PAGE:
Post Easter holiday blues hit the Capesize market with rates falling generally and a lack of Brazil activity unsettling owners and operators. An accident at the CSN berth in Itaguai added to woes with a few ships losing subjects and coming back onto the market. Rates from Tubarao to Qingdao dropped significantly below $14.00 with Oldendorff allegedly fixing a 5-15 May cargo at $13.60 and Cargill booked SwissMarine tonnage at $13.50. Further north, trading slowed significantly undermining owners resolve. Today saw a report of a Puerto Bolivar/Rotterdam cargo fixed at a sharply lower $7.60. K-Line earlier this week fixed a ship from Montoir spot for a Colombia round at $16,650 daily. Cargill fixed a 1-10 May 160,000-tonne 10% cargo from Ponta Da Madeira to two ports UK at $8.25 at rate some suggested equated to the low $10,000s daily. In the east, the West Australia/China rate held at above $6.00 for most of the week but BHP Billiton booked two ships just under $6.00 for 5-12 May and 6 May onwards and was today linked with tonnage at $5.95. Then came news that Rio Tinto fixed a vessel at $6.00 and Classic Maritime took tonnage for a 1-5 May cargo from Port Hedland to Qingdao in excess of $6.45 with the usual $299,000 disbursement putting the rate well over $6.00 on normal.
A thinner cargo list saw rates slip in the north Atlantic for both transatlantic and front haul business. There was a noticeable shortage of fixtures reported for the run east for ships open on the north Continent. The US Gulf too remained very slow with the brief revival in demand for ships to move coal to make up for an Australian logistical problem, now evaporated. A kamsarmax coming open in the Mississippi River, 27 April was booked to move grain to the east at $16,000 daily plus a $600,000 bonus but it was not clear if there was some waiting time involved. Transatlantic rounds were in short supply and a 2010-built 79,000-tonner fixed from Gijon via Kamsar with Stade redelivery at $10,000 daily. South America trading too slowed this week with rates easing and charterers more frequently fixing on an aps basis. Several ships also failed on subjects as the week drew to a close including South America. Here an LME built 2014-built open Visakhapatnam fixed to load a 20-30 May cargo from east coast South to the east at $12,300 daily a rate some said equated to $31.00 basis Santos.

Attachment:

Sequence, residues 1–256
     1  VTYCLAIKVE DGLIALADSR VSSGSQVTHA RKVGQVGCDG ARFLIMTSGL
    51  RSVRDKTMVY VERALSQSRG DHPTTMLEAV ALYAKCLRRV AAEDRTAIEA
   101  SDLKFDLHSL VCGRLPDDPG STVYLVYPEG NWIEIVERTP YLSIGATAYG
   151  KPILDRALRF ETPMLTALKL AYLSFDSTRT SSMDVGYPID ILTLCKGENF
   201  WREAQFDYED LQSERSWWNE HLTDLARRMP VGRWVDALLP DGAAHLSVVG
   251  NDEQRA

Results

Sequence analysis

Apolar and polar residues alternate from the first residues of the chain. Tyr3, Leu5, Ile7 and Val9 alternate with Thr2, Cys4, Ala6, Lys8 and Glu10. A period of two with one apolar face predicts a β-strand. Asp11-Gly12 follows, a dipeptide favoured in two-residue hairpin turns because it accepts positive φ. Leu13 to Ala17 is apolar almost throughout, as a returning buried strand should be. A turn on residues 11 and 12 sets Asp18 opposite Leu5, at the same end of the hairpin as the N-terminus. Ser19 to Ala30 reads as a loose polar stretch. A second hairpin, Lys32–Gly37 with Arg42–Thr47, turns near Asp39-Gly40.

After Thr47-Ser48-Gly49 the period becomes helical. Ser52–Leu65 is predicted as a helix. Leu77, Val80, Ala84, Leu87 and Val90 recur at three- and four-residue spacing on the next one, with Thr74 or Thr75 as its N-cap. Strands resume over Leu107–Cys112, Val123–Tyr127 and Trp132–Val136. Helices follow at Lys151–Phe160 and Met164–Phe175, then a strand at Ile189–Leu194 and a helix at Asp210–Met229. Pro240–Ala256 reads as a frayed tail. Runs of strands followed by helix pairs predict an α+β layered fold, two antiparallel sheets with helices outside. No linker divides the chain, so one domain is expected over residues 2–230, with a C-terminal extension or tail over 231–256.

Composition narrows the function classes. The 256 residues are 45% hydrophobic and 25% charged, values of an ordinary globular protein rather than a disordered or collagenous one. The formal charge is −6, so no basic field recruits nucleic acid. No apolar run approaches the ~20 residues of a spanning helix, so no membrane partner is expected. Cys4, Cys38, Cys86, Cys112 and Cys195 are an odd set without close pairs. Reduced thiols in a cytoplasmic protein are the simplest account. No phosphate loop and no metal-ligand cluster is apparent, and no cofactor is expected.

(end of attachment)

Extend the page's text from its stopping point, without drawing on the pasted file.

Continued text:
In the east, rates too came under pressure and here several ships were reported failed. A 76,000-tonner open Shibushi fixed for a NoPac round at $11,500 daily while a kamsarmax ready Longkou went at an easier $10,750 daily for a NoPac round with pet coke.
A short week with a very quiet start. Overall trading slowed in the Pacific but remained positive in the Atlantic. More period fixtures were reported especially in the east with most said to have a backhaul trip as the first laden leg. A 56,000-dwt 2013-built delivery north of South America was booked for about four to six months at $12,500 daily redelivery worldwide. Two 63,000-dwt vessels were fixed for short period at $11,000 daily basis south China and $11,500 daily and CJK respectively while a 56,000-dwt was paid at high $9,000s for about three to five months delivery Indonesia and worldwide redelivery.
For east coast South America delivery, a 55,000-dwt 2010-built was fixed at $14,000 daily plus a ballast bonus of $400,000 redelivery China and a 55,000-dwt 2009-built was fixed for a similar trip at mid $13,000s with $350,000 ballast bonus. Rates from the US Gulf were showing some improvement with a 52,000-dwt 2004-built booked to west coast South America at $20,250 daily and a 56,000-dwt 2011-built fixed for pet coke to the Pacific at $21,000 daily both basis Gulf delivery.
Nickel ore trading was active in the east but coal stems from Indonesia were not providing much support to the market in Asia. A 55,000-dwt and a 57,000-dwt were fixed for nickel ore to China both at $11,500 daily delivery in the Philippines. An ultramax delivery south China was reportedly paid $8,500 daily for a trip via Indonesia to China. From the Indian Ocean, a 53,000-dwt delivery Kandla was booked via the Persian Gulf to west coast India at $7,000 daily and a 63,000-dwt delivery east coast India was fixed for salt to China at $9,000 daily.
Overall a positive short week on the handy sector with Atlantic index routes except for the US Gulf showing a gain. Sentiment was still improving for east coast South American deliveries. Tonnage on the Continent looked scarce for the balance of April which could result in levels pushing up. Asia had a flat time with a number of deals being failed on subjects and although the beginning of the week indices showed an increase Friday’s numbers were negative.
The usual timber runs into eastern Mediterranean were apparently paying in ‘five’ figures. A modern 35,000-tonner was taken for a trip from Casablanca to Santos at a rate in the region of $7,200 per day for the first 35 days with an unknown escalation thereafter. Sources advised that Norden fixed the Loyalty 30,000-dwt built 2011-built basis delivery Baltic for a trip to West Africa at $10,300 daily. Two ships about 37,000-38,000-dwt were taken for a trip to west coast South America from Brazil each at $18,5000 per day. A 34,400-dwt which was said to have ballasted from Puerto Montt in Chile, accepted $15,500 daily delivery east coast South America for a trip to the Continent. The Aristo River 33,532-dwt built 2005 covered at $15,500 delivery east coast South America for a trip to Skaw-Gibraltar.
A 24,000-dwt and a 28,000-dwt both open CJK were failed on subjects for a trip to South Korea at $7,000 daily while a 29,000 tonner also open CJK was failed on subjects for a trip from CIS to south Korea at a rate said to be in the high $6,000s. Little concrete information emerged this week.
For daily dry bulk assessments from the Baltic Exchange please visit www.balticexchange.com/market-information/